It turns out that attaining 100 countries is more difficult than first planned. The number itself wasn't anything more than a round number that was challenging and remarkable at the time.

After some research, I found a Travelers' Century Club, or TCC, that was founded in 1954 in California and has about 2,000 members. To be a member, you must have travelled to 100 or more of countries and territories in their Directory. The Club recognizes a much wider array of countries and Territories (324) than does the United Nations (193).

In terms of "sovereign" states, there are 206 listed in Wikipedia. Somewhere between this number and the United Nations number is where I fall - adding important places such as Taiwan, Kosovo and Vatican City.

It also makes for a nice round number - travel to 50% of the planet!

That's where it gets a bit more complicated. I downloaded all 200 countries and sorted them by land mass and population. In terms of targeting where to go next, I tend to look at size and global importance of the destination:


As you can see, targeting places like China, India and Indonesia help achieve the population numbers, while places like Russia, Australia and Argentina drive the land mass values.

So, while 65/200 countries traveled to already is 1/3 of the world; In terms of population I am at 69% and land mass 63%!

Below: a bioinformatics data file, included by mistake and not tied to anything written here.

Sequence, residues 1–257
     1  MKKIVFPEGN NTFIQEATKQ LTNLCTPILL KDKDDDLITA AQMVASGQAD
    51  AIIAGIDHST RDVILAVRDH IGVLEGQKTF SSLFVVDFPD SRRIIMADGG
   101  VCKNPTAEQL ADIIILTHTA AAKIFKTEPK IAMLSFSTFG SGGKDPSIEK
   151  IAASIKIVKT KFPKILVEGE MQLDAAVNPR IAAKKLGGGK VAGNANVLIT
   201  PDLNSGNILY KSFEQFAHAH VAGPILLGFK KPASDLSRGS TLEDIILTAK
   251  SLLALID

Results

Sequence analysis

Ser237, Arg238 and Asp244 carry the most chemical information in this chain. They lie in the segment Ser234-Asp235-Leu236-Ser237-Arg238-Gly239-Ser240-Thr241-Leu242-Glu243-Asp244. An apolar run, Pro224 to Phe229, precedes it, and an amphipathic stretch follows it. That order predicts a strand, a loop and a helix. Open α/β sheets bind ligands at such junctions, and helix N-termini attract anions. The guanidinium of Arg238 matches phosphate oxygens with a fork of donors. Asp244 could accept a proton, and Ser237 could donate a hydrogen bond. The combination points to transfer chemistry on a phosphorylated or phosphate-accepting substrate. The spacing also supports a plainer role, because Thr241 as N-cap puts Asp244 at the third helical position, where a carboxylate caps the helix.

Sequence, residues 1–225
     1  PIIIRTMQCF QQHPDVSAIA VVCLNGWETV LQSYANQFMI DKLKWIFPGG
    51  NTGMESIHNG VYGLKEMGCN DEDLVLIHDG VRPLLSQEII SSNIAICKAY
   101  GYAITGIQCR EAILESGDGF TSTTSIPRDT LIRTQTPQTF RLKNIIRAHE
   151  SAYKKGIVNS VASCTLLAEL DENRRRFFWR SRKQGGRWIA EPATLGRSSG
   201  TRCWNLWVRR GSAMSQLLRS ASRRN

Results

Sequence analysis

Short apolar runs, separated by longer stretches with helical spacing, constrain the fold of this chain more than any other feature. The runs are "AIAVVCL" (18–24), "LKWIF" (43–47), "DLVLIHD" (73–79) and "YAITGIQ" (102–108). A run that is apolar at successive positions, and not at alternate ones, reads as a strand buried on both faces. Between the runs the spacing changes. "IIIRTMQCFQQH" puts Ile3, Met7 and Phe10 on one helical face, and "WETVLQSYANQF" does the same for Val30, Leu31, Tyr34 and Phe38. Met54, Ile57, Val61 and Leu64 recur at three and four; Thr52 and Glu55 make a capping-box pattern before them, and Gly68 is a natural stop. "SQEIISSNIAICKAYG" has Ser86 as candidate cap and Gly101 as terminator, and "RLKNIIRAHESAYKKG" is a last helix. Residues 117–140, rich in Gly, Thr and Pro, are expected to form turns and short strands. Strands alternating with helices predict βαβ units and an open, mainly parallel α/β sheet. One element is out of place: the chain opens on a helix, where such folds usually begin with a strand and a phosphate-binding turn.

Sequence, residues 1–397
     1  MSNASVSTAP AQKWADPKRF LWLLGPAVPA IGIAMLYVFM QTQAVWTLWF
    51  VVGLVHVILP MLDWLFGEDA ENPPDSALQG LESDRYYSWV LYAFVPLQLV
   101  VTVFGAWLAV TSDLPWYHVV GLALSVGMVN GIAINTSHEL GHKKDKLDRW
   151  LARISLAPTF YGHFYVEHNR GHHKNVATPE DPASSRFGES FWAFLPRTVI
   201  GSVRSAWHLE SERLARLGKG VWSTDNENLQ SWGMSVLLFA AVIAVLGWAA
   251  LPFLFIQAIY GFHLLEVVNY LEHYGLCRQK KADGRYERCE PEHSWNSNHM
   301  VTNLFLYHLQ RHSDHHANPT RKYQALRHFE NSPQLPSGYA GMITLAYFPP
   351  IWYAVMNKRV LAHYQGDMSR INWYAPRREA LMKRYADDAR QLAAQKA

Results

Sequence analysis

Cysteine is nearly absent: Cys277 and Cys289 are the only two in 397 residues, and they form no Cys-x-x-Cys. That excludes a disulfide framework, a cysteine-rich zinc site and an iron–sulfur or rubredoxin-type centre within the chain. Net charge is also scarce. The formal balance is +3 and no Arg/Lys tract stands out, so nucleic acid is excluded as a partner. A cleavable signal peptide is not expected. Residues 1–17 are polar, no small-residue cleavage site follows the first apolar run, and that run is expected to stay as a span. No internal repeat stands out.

The most difficult part of getting to 100 countries is the perpetual state of war (civil or otherwise) and the geographic spread of small islands around the globe. At any one time, there is only about 100 safe, accessible and economically viable countries to travel to.

Today, the entire mideast is out of the question as well as the majority of Africa. The Northern shore of South America and most of Central America is also risky at the best of times.

So here it is, how I have traveled the world and going to hit 100 countries economically and with only a few weeks of vacation time per year:

(Assuming you live in North America which is harder than Europe)

1. North America (1972-80) - living in Canada and the United States, and travelling several times to Mexico allowed me to complete the continent (and a ton of land mass) early in life.

2. UK & France (1996)

3. Portugal & Spain driving tour (2002)

4. Bahamas, Cuba via vacations (2003-04)

Sub-total: 9 countries over my first 35 years.  

Queue the Bucket List...



Now, strap in...

5. Greece (2008) - including Athens, Mykonos and Santorini.